The Ada News
A Chickasaw physician is raising awareness and searching for a cure to colorectal cancer affecting Native Americans. It is the second deadliest cancer afflicting Native citizens, according to the Indian Health Service.
With an eye toward prevention coupled with symptom recognition, Dr. David Perdue said he believes his studies may be the catalyst for reversing these dire statistics.
Perdue, a gastroenterologist at the University of Minnesota Cancer Center, recently shared his findings with a group of health care professionals at the Chickasaw Nation Medical Center in Ada, Okla.
“It is gratifying to see a Chickasaw physician involved in work which will enable us to continue enhancing the quality of healthcare we offer,” said Bill Anoatubby, Governor of the Chickasaw Nation. “Bringing this type of information and training to providers nationwide is vital to improving healthcare for Native Americans across the country.”
Perdue’s presentation, Grand Rounds No. 5767 Colorectal Cancer Disparities Among American Indians: Data from the Trenches, provides detailed information on the importance of recognizing colorectal cancer signs, symptoms, treatments and preventive measures for American Indians.
Perdue’s Ada presentation focused on understanding the gastrointestinal cancer differences occurring within the American Indian and Alaskan Native populations. Native Americans suffer from certain types of cancers, among them lung and colorectal cancers, more frequently than any other group, statistics show.
MEETING THE CHALLENGE
“Dr. Perdue’s presentation on his work with cancer in American Indians brings into sharp focus the realities of the cancer health disparities that exist for Native people,” said Bobby Saunkeah, program manager of epidemiology, research and public health for the Chickasaw Nation Department of Health. “It is very rewarding to see a Chickasaw physician contributing such important work to the care of Indian people nationally.”
In many instances of colorectal cancer, patients do not know the signs and symptoms. Dr. Perdue provided information to be passed along from doctor to patient.
“There is an urgent need to address these disparities, especially in the areas of routine screening for cancers, prevention and early treatment,” Saunkeah said.
Perdue said once presented with this type of information, hospital staff can better educate patients on the signs, symptoms and treatments of colorectal cancer. When patients understand the risks and know the symptoms, they are more inclined to seek proper life-saving preventive treatments.
Dr. Perdue, who holds a Master’s of Science in Public Health, also discussed how to determine what best practices might need to be implemented at clinics within the Chickasaw Nation Medical Center to more effectively diagnose and treat the illness. New strategies aimed at improving the overall understanding of colorectal cancer screening were also discussed.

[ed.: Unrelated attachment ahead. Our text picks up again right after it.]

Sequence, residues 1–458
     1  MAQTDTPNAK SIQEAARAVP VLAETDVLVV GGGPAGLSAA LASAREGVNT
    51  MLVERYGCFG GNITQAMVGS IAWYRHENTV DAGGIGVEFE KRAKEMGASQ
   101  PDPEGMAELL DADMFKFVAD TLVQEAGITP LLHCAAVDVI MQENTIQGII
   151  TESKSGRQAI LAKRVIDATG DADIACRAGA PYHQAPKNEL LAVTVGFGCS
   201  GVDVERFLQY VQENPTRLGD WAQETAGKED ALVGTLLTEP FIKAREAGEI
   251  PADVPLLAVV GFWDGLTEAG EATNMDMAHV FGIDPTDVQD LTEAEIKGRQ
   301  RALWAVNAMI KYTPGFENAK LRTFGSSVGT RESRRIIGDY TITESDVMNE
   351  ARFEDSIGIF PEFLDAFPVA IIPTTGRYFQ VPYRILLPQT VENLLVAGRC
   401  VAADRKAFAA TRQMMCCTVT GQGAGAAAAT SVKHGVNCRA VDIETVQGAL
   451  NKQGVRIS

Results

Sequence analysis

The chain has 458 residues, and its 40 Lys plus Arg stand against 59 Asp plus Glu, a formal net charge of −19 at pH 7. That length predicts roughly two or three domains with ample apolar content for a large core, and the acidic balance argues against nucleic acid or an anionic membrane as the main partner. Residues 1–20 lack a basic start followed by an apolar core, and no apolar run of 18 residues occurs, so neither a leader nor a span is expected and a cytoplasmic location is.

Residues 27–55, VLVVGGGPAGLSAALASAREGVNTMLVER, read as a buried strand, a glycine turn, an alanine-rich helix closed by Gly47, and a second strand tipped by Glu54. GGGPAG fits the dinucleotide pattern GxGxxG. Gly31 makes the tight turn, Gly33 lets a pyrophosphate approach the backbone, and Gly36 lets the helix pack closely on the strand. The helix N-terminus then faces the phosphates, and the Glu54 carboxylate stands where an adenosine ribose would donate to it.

Many people with colon cancer experience no symptoms in the early stages of the disease. When symptoms appear, they will likely vary, depending on the cancer’s size and location in your large intestine, according to the Mayo Clinic.
Perdue said it is time to see a physician when one first becomes symptomatic. Consult a physician about when to begin screening for colon cancer. Guidelines generally recommend colon cancer screenings begin at age 50. Your doctor may recommend more frequent or earlier screening if you have other risk factors such as a family history of the disease, he said.
According to the Mayo Clinic, warning signs may first arise from a change in bowel habits, including diarrhea or constipation or a change in the consistency of the stool. Others are:
(1) Rectal bleeding or blood in your stool
(2) Persistent abdominal discomfort, such as cramps, gas or pain
(3) A feeling the bowel does not empty completely
(4) Weakness or fatigue
(5) Unexplained weight loss
EMBRACING HIS HERITAGE
Perdue grew up in Spokane, Wash., where he developed an interest in medicine. He was not raised in a traditional Native American setting, but was informed about his American Indian roots and returned to the Ada area every summer during his youth to visit his paternal grandparents. He learned about Chickasaw heritage and culture during these trips.
His late great-grandmother, Nora Stanton, was an original enrollee and a pianist at her church for many years. His grandmother, Lottie Perdue, attended boarding school.
His father, William D. Perdue, Ph.D., also made sure his son was acquainted with his Chickasaw heritage.
Perdue earned an undergraduate degree from Washington State University. He later earned his M.B.A. in Public Health from the University of Colorado, Denver, and his M.D. from the University of Washington.
Perdue focuses on clinical practices with Minnesota Gastroenterology in Minneapolis, where he is the select provider for American Indian and Alaska Native patients.
His clinical practice places emphasis on gastrointestinal cancer prevention, general gastroenterology and familial colorectal cancer syndromes. His specialties include helping others to understand the differences among colorectal cancer incidences among the populations of both minorities.
He is the medical director of the American Indian Cancer Foundation and co-chair of the Minnesota Intertribal Colorectal Cancer Council. He is an active member of the University of Minnesota Masonic Cancer Center, the Mayo Clinic’s Spirit of Eagles Cancer Research Network and the Minnesota Colon Cancer Task Force.
To learn more about colorectal cancer, visit the American Indian Cancer Foundation online at www.americanindiancancer.org, or call the CNMC at (580) 436-3980.